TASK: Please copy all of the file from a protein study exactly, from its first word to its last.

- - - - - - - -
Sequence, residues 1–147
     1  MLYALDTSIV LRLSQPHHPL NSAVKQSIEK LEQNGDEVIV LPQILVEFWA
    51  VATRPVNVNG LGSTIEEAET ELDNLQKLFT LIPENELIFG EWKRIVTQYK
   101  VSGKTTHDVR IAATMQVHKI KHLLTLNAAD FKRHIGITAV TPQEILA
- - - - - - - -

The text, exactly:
Sequence, residues 1–147
     1  MLYALDTSIV LRLSQPHHPL NSAVKQSIEK LEQNGDEVIV LPQILVEFWA
    51  VATRPVNVNG LGSTIEEAET ELDNLQKLFT LIPENELIFG EWKRIVTQYK
   101  VSGKTTHDVR IAATMQVHKI KHLLTLNAAD FKRHIGITAV TPQEILA